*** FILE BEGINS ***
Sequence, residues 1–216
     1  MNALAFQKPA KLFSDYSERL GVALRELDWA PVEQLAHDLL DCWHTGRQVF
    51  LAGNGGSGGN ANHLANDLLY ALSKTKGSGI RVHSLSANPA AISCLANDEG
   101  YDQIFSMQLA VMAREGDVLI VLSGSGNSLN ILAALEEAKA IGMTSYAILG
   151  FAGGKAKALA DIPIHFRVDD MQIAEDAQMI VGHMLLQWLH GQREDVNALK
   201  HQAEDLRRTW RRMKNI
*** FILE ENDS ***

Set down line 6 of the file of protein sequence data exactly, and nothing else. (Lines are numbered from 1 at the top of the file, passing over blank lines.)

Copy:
   201  HQAEDLRRTW RRMKNI